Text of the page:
Here’s what it’s like when the norovirus strikes – Hayley Matthews

Hayley Matthews suffered pain on a par with child birth after contracting the disease, she writes.

Saturday, 28th December 2019, 6:00 am
Washing your hands like a surgeon scrubbing up for an operation can help fight off the winter vomiting bug. Picture: PA
Washing your hands like a surgeon scrubbing up for an operation can help fight off the winter vomiting bug. Picture: PA

I’ve never missed a column since I started a few years ago. It’s the highlight of my week and being a mouthy, never short of an opinion, gobby wee ____ (I’ll let you fill in the blank), I love to let off some steam.

So when the norovirus struck us hard, let me explain to you how hard. My son Harris started being ill on his eighth birthday so his party got cancelled; we just made it to the post office with the presents to post an hour before the bug hit us, and all whilst I lay in bed begging Doctor Blake to give me a jab in the bum to stop me being sick.

Read More

Read More
Here’s why I believe in angels – Hayley Matthews

Sign up to our daily newsletter

The i newsletter cut through the noise

I’d been ill for hours and had a really bad pain (I’m talking a nine out of ten and was telling people I felt like I was in labour, even though I’m not pregnant). It was truly awful.

My bedroom, laden with unfolded washing, presents scattered about the place and various other items that should have been tidied up, was a massive eyesore but I didn’t care. I was so ill. A manky pair of jammies, hairy legs up to my belly and a whiff of BO were all I was wearing to greet the doctor, to whom I offer my sincere apologies but can’t thank enough for coming out to my rescue and giving some pain relief. I haven’t had the doctor out to the house since a food poisoning episode in 1989! Yes, it really was that bad.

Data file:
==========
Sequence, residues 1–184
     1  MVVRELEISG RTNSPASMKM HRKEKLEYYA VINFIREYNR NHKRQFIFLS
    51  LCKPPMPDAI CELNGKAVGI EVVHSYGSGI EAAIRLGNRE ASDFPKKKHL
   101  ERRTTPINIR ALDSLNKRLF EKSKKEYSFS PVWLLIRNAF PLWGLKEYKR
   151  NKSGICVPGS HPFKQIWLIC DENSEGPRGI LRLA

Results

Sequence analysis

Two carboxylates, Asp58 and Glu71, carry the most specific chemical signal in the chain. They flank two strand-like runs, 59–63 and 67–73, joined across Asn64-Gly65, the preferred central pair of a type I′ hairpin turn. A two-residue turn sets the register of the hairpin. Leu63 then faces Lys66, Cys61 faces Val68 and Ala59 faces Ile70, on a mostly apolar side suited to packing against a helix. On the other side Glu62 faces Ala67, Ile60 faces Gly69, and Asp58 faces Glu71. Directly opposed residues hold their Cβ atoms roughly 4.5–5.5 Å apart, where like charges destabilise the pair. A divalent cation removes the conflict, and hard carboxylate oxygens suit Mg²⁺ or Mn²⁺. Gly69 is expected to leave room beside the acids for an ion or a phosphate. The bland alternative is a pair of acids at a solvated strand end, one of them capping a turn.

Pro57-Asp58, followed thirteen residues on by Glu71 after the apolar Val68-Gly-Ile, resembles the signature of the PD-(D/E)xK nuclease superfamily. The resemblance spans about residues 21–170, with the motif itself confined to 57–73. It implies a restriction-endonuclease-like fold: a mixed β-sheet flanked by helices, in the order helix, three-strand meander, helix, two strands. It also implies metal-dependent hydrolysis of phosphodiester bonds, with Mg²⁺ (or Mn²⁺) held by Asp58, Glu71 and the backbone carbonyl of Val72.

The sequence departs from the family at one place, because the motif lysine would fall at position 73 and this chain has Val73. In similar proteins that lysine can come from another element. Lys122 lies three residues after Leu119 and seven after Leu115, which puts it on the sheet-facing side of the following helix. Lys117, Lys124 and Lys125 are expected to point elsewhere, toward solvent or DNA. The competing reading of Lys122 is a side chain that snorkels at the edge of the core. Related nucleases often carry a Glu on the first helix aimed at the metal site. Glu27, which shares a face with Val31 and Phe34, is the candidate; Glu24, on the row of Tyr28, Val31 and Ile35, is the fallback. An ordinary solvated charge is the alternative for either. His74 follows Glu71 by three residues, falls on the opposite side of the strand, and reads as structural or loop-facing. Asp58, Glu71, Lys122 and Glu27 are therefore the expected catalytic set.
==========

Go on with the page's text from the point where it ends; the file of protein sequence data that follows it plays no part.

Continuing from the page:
My friend Susan who runs a flower shop in the West Port told me how one customer had reported 187 pupils off at her school, all at the same time due to the norovirus – it really has been rife. All those wee kids wiping their manky germ-infested digits everywhere makes for a perfect breeding ground for the winter vomiting bug. It is everywhere at this time of year.

Parents can catch the bug easily through contact with their kids, but we’re all at risk when coming into contact with surfaces or objects that have been contaminated so it’s no wonder that between 600,000 and one million people in the UK catch norovirus every year.

I know many of you reading this will have suffered and one friend gave some advice that might help the next time. And it’s as simple as fasting. On bumping in to my friend Lyndsey in the supermarket as I crawled about for water, paracetamol and Dettol she told me how they had the sickness bug a while back and with three kids she knew it was coming to her. She said fasting for a bit helped and it makes sense. I then started looking into ways to avoid catching it and spreading it on for next time (there will be more tummy bugs I’m sure because this is our third one of the year so far and certainly the worst). Now, I’m no doctor and I’m not offering medical advice but after our brief conversation in the supermarket I looked into it and read a few posts about limiting food intake, eating very lightly and washing your hands like a surgeon scrubbing up for a heart by-pass.

It’s simple and there must be something in it. I’m sure the million odd folk spending Christmas on the “porcelain phone” shouting on “Hughey” would much rather be gearing up for a dram with Reverend IM Jolly than spending their festive holidays unwell. So next time the bugs are on the horizon, wash your hands, eat like a sparrow and celebrate like the healthy, wealthy and wise.